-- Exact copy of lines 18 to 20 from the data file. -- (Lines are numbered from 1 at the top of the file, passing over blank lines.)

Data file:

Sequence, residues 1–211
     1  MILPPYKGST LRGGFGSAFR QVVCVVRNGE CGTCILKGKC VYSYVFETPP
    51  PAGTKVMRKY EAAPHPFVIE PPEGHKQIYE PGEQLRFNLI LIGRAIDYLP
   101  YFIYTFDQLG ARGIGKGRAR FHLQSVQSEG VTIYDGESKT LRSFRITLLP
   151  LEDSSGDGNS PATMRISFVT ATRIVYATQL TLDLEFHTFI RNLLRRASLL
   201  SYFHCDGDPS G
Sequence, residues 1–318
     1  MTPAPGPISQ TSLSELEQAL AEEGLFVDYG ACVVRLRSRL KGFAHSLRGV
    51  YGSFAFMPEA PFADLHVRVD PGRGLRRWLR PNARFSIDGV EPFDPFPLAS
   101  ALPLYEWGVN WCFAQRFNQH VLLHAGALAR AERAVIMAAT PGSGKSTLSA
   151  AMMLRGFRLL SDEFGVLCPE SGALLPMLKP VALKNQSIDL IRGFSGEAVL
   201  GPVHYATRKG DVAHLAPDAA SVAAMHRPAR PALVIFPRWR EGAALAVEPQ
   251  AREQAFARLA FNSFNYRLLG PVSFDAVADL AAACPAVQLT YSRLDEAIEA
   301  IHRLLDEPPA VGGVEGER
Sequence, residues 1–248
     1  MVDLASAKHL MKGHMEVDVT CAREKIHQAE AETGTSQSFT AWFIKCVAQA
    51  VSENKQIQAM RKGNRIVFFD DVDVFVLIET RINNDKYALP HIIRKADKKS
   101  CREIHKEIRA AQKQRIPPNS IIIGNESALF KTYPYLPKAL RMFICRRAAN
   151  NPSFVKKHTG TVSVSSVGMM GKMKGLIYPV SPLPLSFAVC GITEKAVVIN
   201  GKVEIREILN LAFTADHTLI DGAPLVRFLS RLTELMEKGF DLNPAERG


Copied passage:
   101  CREIHKEIRA AQKQRIPPNS IIIGNESALF KTYPYLPKAL RMFICRRAAN
   151  NPSFVKKHTG TVSVSSVGMM GKMKGLIYPV SPLPLSFAVC GITEKAVVIN
   201  GKVEIREILN LAFTADHTLI DGAPLVRFLS RLTELMEKGF DLNPAERG